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The financial industry has historically been a male-dominated business sector, with the vast majority of senior roles held by men. Despite years of efforts to promote equality and gender diversity among some of the biggest banks and financial institutions in the world, recent figures show that women are still woefully underrepresented at the highest levels and, in some areas, the percentage of women in key roles is actually on the decline. Some of the statistics for women in finance can be found in the embedded infographic.

Women such as Joey Horn, former Vice President of Mergers & Acquisitions at Credit Suisse First Boston in New York (among other key roles), have been blazing a trail for women in senior financial roles for many years. However, the uptake by women of higher education followed by a career in finance is still lower than ideal. Influential business schools across the world, recognising that they could have a part to play in redressing the balance, are now offering a plethora of incentives for female students to encourage higher rates of participation on financial degree courses typically dominated by male students.

Scholarships for Women

Dozens of scholarships have been launched by MBA schools around the world over the past ten years or so, aimed at making high-profile courses in finance more accessible to female students. Many of these are supported by financial institutions and leading banking corporations, providing funding for discounted costs of tuition or even free tuition in some cases.

Since 2014, London Business School has received the equivalent of $47,000 from the MBA Scholarships for Women programme from Lloyds Scholars to cover percentages of course fees.

Since 2017, the Alliance Manchester Business School has been in receipt of a full tuition fee scholarship made available by the 30% Club. These are just a few of the incentives being introduced to try and redress the gender imbalance in the financial services industry at source level.

The 30% Club

The 30% Club was launched in 2010 in the UK by Helen Morrissey as a campaign to accelerate progress by women in the financial services industry. The 30% Club has actively campaigned across several areas to help improve access for women, including promoting female-friendly language in college brochures. The aim of the 30% Club is to work with business schools to help them meet and exceed the target of 30% female representation on MBA programmes. It was formed in response to the critical recognition that companies see better results when there is a better gender balance.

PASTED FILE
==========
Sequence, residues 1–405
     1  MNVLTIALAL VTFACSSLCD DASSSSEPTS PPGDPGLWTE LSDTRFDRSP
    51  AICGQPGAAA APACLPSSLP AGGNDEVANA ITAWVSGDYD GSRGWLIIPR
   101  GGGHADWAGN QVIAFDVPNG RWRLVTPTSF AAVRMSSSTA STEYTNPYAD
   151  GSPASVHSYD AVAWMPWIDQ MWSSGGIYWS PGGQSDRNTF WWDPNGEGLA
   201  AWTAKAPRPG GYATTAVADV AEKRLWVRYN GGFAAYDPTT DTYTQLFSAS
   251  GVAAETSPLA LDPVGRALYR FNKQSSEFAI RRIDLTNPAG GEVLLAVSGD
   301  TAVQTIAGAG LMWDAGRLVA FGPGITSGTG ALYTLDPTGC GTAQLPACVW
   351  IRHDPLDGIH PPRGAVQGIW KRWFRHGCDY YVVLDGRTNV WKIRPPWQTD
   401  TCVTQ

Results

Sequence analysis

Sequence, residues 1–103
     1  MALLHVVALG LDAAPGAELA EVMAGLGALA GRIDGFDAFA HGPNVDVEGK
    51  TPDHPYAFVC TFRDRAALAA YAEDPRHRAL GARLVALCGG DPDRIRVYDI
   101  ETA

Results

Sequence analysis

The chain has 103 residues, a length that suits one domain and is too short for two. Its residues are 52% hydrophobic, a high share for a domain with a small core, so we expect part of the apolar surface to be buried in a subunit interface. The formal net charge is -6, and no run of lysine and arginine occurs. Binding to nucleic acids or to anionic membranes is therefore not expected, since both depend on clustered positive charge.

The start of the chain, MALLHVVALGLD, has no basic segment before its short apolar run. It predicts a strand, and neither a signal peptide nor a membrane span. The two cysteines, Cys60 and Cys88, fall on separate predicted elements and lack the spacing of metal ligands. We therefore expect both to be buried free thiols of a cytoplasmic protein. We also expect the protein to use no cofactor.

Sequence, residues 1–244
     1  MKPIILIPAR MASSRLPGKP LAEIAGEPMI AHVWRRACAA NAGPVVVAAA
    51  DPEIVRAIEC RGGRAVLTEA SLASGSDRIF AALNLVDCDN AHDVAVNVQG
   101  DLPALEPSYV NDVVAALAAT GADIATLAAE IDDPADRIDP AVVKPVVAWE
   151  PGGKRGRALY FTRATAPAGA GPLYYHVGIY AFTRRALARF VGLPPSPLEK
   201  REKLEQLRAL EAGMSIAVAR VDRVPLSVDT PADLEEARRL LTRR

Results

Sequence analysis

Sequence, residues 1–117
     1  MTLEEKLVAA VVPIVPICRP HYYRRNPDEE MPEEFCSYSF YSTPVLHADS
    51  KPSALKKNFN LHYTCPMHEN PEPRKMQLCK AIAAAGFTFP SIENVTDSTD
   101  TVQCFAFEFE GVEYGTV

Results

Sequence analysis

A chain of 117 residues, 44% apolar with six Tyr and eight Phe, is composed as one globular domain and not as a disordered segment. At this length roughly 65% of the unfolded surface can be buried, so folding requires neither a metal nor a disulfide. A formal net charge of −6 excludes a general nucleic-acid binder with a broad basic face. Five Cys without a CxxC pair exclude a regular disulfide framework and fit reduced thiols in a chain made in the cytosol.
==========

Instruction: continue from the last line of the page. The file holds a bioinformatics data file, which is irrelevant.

You can learn more about the mission and vision of the 30% Club in the PDF attachment to this post.

Annual Review

Slow Progress

The many efforts to recruit more women into finance are seeing some results, but progress remains slow. According to figures from the Financial Times’ top 100 MBA global rankings, female participation rose from 33% in 2013 to 37% in 2018. In the pre-experience masters in finance courses, female participation rose from 40% to 42% over the same period.

Business schools across the globe are therefore upping their efforts to attract more women to top-level finance courses, with initiatives such as partnering with gender equality-based organisations and a rebranding of marketing materials to ensure the language is more gender-neutral.

The Women in Finance Awards is another initiative designed to help encourage more women to enter this still male-dominated industry by showcasing those that have achieved success in the financial arena. You can learn more about these awards by watching the short video attachment.